From tropical and subtropical Asia. Somewhat bushy plant to 2 ft. tall and 1 ft. wide, with green, shiny, 1–2-in.-long leaves and spikes of white flowers. Forms with purple or variegated leaves have purple flowers. Very popular culinary herb. Used fresh or dry, its leaves lend a pleasant, mildly sweet flavor to sauces and cooked dishes of all sorts. The best leaves are from younger stems that have not yet borne flowers.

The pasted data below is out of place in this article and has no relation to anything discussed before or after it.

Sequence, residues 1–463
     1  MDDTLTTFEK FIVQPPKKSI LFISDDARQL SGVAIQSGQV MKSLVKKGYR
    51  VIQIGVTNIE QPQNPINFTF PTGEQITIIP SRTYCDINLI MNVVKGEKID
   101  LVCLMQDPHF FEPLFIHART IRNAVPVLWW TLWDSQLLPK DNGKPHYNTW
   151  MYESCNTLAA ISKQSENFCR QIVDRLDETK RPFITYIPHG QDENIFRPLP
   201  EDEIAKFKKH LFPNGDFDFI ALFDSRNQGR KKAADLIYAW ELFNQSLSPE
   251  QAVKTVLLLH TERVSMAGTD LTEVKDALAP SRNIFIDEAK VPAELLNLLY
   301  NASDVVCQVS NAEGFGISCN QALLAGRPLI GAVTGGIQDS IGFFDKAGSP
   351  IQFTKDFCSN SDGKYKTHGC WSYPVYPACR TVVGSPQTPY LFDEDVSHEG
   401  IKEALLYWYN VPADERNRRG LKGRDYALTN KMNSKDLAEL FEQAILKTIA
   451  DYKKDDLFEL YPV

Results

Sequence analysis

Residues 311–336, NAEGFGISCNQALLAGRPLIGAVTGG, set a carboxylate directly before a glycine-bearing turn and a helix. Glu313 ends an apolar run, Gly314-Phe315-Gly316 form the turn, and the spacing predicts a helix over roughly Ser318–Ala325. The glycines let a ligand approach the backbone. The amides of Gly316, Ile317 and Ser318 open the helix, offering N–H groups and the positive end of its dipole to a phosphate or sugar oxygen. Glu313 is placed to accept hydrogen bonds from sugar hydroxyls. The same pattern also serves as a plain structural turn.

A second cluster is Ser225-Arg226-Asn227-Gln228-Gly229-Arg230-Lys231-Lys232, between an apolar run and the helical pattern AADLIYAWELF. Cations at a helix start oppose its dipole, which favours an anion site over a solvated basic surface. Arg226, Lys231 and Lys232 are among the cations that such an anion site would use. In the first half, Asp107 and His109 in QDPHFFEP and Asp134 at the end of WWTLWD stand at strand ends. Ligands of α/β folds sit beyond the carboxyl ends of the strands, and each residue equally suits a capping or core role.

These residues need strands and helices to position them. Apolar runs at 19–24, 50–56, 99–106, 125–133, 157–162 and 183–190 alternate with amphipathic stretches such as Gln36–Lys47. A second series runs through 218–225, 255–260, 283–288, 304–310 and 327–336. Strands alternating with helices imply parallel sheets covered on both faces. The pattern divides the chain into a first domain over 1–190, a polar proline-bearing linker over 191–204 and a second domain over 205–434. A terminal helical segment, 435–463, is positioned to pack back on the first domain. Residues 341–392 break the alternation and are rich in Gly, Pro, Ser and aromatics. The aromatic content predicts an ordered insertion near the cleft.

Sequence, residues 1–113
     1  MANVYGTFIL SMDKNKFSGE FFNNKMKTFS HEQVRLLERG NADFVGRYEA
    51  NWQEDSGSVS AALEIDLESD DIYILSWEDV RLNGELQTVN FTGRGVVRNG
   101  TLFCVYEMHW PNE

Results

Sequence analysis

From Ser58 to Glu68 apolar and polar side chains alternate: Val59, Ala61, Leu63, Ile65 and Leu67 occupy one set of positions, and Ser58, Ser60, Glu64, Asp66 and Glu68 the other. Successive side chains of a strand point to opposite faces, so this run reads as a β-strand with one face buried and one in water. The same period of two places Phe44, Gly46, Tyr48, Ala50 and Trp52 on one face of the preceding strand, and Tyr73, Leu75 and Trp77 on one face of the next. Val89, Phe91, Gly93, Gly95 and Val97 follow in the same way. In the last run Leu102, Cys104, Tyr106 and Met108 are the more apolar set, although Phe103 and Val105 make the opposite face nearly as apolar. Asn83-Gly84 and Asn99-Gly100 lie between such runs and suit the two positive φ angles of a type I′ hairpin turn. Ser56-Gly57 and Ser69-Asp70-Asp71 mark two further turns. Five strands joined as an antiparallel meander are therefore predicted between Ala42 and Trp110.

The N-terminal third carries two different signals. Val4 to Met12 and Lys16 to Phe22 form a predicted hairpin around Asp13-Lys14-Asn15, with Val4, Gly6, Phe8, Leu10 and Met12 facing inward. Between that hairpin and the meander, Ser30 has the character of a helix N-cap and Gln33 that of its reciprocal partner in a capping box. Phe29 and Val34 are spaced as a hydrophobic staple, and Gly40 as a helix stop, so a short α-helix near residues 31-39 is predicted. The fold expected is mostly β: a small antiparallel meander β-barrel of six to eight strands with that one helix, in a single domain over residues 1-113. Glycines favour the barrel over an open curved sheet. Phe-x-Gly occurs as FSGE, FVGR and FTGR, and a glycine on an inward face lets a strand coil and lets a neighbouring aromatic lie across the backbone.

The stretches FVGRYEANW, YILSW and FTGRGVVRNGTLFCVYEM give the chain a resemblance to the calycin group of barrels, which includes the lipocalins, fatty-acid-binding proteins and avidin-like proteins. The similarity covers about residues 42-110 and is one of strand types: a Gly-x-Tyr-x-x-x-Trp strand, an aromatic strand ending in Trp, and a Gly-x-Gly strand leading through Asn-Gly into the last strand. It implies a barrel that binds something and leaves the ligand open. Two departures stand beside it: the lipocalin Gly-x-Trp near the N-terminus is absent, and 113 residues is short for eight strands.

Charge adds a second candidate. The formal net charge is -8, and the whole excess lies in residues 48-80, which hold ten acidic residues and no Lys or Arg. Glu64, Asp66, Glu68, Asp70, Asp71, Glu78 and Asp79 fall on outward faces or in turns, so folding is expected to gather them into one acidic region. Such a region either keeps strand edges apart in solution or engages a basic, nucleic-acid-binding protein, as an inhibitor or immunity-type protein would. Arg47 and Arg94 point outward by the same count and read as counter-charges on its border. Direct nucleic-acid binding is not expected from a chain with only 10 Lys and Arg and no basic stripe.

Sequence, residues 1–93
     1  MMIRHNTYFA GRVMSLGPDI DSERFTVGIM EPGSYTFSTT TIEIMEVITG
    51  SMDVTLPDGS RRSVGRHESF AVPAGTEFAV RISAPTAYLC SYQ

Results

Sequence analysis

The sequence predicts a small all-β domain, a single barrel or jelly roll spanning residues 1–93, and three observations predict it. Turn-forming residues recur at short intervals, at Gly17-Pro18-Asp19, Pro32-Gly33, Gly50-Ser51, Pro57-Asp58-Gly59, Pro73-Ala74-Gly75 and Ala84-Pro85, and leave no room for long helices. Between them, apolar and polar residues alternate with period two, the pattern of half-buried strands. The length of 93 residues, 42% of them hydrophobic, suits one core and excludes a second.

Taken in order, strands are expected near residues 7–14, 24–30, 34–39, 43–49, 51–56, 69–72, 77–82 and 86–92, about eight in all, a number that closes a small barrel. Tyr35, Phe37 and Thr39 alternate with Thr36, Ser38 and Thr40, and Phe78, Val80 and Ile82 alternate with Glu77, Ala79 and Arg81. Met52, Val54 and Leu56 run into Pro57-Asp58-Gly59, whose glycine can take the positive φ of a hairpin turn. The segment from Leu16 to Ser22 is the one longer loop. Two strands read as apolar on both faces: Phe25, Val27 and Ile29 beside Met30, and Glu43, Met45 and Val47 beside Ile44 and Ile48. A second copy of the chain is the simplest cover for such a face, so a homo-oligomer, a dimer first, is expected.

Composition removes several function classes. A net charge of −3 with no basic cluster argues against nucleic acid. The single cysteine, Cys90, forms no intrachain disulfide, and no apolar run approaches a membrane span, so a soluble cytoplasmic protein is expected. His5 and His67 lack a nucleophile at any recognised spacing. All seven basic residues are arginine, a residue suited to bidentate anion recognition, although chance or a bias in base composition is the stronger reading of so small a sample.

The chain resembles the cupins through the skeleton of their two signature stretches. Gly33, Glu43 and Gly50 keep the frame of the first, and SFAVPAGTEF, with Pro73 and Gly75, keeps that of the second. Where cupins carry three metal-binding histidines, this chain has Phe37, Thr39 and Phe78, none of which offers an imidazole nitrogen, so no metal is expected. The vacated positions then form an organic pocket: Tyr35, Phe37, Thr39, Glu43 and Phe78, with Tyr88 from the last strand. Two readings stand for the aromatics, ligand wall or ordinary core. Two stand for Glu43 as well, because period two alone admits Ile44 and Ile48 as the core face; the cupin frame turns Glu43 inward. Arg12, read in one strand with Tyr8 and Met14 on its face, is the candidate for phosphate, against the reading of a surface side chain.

There is a dwarf, small-leafed kind that thrives in containers. Sow seeds of any basil in early spring; or set out nursery plants after all danger of frost is past. Space plants 10–12 in. apart or thin to this distance.